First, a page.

July 1, 2011

Raising Ministry Kids Who Love the Church, Part 3: Ministry Kids Are Kingdom Workers Who Need Encouragement

Catching up? This is the final part; here's  Part 1 and Part 2.

Jesus clearly says in Matthew 19 that children are members of His kingdom. And in Romans 12, the Scriptures teach us that members of the kingdom are called to be useful in service. Children, your children, ministry children are kingdom workers!

And your children, as ministry kids, will have unique opportunities to serve the body. One of the privileges of being in a ministry family is the multiple and obvious opportunities that arise daily to serve God. And, encouraging your children in kingdom work is one of the chief ways you can encourage them to love the church.

Let me give you 3 goals for encouraging your children:

Make Age-Appropriate Tasks a Privilege of Kingdom Work. No other group of children will get as many opportunities to give up their rooms for missionaries, to visit the sick and elderly, or to help with preparations for meals of hospitality. As you do these tasks, together, you can talk about how the Lord is pleased to use them in His kingdom.

One of my strongest impressions of being a pastors’ kid is that kingdom work was a team effort. My dad may have been the one up front preaching, and my mom was the one publishing the church newsletter, but we kids were the ones who set the table when people came for dinner. My parents taught me to believe that joyfully laying out forks and knives was kingdom work; and it is!

Make Loving God’s People a Privilege of Kingdom Work. God’s people are sinners and are sometimes hard to love. But they are also eternally loved by God who sent Christ to die for them. We can help our children to love God’s people by modeling love in our own words and attitudes.

I hear again and again from moms of ministry kids how important it is to speak well of the people in your church, to pray for them, to encourage interaction with them. The famous “love chapter” in Corinthians tell us that love “bears all things, believes all things, hopes all things, endures all things” (I Corinthians 13:17); we want to be sure this kind of love is the fundamental attitude we communicate to our children.

A friend in campus ministry fosters positive interactions with God’s people by assigning her kids (age 6 & 8) to learn something about two different students after each meeting. It has become a family game, with everyone sharing their new facts in the car on the way home, and learning to know and love God’s people in the process.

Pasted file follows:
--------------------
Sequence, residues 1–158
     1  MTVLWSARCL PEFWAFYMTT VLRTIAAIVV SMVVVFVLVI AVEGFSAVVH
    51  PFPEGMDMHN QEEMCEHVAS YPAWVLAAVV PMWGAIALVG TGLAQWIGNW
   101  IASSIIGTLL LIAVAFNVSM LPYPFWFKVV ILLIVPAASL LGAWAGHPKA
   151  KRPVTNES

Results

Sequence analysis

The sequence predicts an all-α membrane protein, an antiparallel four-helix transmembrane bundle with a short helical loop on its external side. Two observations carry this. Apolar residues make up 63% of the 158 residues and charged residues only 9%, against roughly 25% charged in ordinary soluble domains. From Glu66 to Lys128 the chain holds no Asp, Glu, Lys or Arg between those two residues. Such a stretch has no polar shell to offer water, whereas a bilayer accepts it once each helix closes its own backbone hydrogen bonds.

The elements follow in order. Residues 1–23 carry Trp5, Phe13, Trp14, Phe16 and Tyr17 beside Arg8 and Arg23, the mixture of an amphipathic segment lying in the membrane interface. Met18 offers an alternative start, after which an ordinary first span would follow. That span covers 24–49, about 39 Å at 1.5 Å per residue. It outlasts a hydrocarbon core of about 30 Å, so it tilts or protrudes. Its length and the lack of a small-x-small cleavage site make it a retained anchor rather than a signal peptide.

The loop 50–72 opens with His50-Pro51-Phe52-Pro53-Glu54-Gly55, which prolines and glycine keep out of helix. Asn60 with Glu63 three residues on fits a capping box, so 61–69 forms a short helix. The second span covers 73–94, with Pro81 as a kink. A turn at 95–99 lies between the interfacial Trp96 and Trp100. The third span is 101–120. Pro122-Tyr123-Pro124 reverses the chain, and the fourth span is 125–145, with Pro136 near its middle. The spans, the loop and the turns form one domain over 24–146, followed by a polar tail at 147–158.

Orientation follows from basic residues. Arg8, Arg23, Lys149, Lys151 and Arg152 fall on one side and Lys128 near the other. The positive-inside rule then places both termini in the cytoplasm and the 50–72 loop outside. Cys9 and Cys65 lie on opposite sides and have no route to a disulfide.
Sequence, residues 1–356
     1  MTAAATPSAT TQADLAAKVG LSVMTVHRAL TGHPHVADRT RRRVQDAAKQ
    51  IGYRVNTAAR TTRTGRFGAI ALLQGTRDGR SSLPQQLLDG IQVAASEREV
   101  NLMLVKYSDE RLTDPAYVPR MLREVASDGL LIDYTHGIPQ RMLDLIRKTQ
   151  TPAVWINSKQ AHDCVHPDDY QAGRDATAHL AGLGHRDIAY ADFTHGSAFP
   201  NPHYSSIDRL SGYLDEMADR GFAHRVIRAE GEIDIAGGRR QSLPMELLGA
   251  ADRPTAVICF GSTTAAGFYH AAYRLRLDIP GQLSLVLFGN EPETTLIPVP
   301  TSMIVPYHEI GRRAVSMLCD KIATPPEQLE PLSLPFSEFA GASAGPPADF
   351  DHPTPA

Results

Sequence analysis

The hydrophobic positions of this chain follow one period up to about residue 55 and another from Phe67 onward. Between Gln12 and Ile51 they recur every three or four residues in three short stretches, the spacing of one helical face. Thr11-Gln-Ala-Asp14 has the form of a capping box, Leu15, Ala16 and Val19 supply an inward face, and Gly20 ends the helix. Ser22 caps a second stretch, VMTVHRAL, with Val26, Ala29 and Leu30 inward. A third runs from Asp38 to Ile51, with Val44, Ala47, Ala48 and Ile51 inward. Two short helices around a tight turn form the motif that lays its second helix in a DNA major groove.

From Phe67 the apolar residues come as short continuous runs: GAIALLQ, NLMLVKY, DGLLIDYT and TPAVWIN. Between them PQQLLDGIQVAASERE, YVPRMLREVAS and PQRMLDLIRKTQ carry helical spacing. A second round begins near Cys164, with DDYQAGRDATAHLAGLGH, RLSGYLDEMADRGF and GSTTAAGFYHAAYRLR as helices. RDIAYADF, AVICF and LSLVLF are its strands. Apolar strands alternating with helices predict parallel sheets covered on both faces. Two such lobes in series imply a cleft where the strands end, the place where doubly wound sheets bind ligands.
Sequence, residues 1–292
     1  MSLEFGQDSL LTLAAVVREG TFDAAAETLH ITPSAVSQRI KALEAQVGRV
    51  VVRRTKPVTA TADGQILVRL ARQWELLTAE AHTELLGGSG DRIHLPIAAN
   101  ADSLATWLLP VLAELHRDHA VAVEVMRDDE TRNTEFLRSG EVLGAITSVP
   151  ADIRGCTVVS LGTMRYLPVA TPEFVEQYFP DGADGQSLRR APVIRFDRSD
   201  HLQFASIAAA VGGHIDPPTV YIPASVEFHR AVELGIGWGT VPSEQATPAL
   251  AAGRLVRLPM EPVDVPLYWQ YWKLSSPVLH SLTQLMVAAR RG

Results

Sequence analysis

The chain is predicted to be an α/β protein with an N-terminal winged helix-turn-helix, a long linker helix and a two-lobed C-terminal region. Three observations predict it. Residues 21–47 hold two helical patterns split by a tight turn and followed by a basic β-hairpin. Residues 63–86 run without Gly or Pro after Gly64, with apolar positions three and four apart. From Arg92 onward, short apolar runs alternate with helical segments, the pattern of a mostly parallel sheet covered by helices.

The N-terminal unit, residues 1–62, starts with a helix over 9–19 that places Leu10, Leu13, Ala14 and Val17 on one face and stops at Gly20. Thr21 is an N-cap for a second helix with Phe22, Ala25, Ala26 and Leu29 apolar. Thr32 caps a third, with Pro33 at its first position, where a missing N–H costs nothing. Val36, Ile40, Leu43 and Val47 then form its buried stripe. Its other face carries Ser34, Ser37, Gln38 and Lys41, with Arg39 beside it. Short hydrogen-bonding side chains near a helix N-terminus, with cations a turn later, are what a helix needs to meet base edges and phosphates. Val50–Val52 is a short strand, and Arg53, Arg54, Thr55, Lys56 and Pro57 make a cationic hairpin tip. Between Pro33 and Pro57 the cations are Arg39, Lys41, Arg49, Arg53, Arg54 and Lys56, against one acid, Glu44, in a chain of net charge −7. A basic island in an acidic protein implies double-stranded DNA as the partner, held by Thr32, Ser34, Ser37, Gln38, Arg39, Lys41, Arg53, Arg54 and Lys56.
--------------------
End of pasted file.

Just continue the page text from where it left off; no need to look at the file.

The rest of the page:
Make “Giving Up Dad” a Privilege of Kingdom Work. It is a fact of the Christian life that we are sometimes called to sacrifice what we would like for what would most glorify God. For ministry kids (and this was so in my own childhood) their biggest sacrifice may be the time and attention of their dad.

Now, I’ve already said that pastors’ kids need spiritual nurture, and that they need parents, but they also are kingdom workers called to serve God and this will mean, for many of them, “giving up dad”.

With some regularity, our boys will be poised in the batter's box (the door mat) ready for some baseball with their dad, when the phone will ring with a ministry need, leaving them disgruntled and waiting.  I've been there, too, (and I've posted elsewhere about my struggle) and the Lord has to remind me of how easy it is to be a ministry wife. If my husband had a different job, chances are I'd still have lonely hours, and I would still be called to support him and give him up cheerfully. God has made it so easy for me; when I have to give up my husband, I can draw a direct line between my sacrifice and the advancement of Christ’s kingdom.

Your children, especially young ones, are concrete thinkers, and they’ll be able to make that connection, too, if you encourage them with your words and attitude. When they are left stranded on homeplate, it's my job to teach them that “Giving up Dad” is something we can do cheerfully for Jesus!

In this series of posts, I've proposed that ministry kids are: sinners who need a Savior, kids who need parents, and kingdom workers who need encouragement.

What's your experience?


  1. As I wrote in "You are Contagious," the attitude of the parents is huge in this matter.

  2. . . .Which is exactly how I ended up as a ministry wife. Thanks, Mom.


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